“I didn't do much in the way of legal work experience,” a trainee at one large commercial firm told us. While some at City and international firms do have experience as paralegals or in other law-related roles, many don't. Experience working in business or finance is perhaps more common, especially at firms with a more corporate-finance tinted practice. For example, one trainee we spoke to spent a year working on financial regulations at a financial services clearing house.

But don't be afraid of undertaking a variety of activities – you don't have to have experience in the financial industry to land a job with a corporate firm. One vac schemer told us: “I gained a range of experiences – none of them in finance – and that helped me to explain both why I want to practice law generally, and to show why I was applying to City firms in particular – I have an appreciation of the alternatives.”

Where to start with paralegalling? 

There's a new platform worth looking at called F-LEX which connects vetted students with law firms or in-house counsel. It sources paralegal work on-demand for law firms with the kind of online resourcefulness you see from the likes of Uber. It allows students to get paralegal work while they're studying, and to gain a variety of experience before committing to anything long-term. More information can be found at


National firms 

Trainees at national firms often have a mix of legal and commercial work experience. “What especially stands out is someone who has experience that is aligned with our practice areas,” says Samantha Lee of national firm Bond Dickinson. The importance of commercial awareness means that experience in other sectors is increasingly part of the work experience package which recruiters expect.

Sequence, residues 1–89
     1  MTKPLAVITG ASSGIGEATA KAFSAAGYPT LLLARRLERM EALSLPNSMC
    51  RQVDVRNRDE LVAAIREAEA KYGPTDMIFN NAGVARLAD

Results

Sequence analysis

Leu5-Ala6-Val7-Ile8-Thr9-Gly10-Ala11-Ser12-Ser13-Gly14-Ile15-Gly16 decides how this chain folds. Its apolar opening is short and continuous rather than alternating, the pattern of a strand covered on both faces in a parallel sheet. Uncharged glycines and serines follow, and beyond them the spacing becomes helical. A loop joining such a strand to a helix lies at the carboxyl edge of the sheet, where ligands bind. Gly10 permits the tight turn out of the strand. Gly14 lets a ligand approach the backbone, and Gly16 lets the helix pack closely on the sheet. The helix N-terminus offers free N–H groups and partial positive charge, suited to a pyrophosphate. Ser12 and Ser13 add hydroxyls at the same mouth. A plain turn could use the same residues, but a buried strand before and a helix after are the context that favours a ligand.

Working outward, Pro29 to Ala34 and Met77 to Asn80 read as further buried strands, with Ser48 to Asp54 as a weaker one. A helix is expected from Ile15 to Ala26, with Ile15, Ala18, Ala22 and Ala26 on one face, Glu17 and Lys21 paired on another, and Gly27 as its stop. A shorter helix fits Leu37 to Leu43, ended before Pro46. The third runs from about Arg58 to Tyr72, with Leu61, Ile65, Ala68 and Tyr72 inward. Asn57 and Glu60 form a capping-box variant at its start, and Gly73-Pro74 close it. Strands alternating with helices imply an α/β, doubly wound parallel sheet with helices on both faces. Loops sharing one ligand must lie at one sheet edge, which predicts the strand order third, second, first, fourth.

Legal work experience undertaken by trainees we've recently spoken to at national firms includes working at a Citizens Advice Bureau, as a paralegal for the CPS and as a legal secretary in a high-street firm. On the commercial side working for an insurer or at a bank (high street or investment) is common – both allow aspiring trainees to become better acquainted with these two frequent law firm clients.

Legal research can also be a good way to build up your skills and get some practical experience. Here at the Student Guide, we're big fans of research and can’t recommend it enough for building up lawyerly skills. Plenty of universities, institutions, publishers and government bodies look for people with a good knowledge of the law to take up research positions, often for short periods of time.

Don't shy away from more unusual work experience either: a firm we researched recently currently employs one trainee who set up and ran an online clothing retailer and another who had worked as a chef. “Don't underestimate the value of experience in the hospitality and retail industries,” says Samantha Lee. “It involves working to targets and selling things to people, both of which are good transferable skills,” All experience – if you can market it correctly – is good experience.


Specialist/niche firms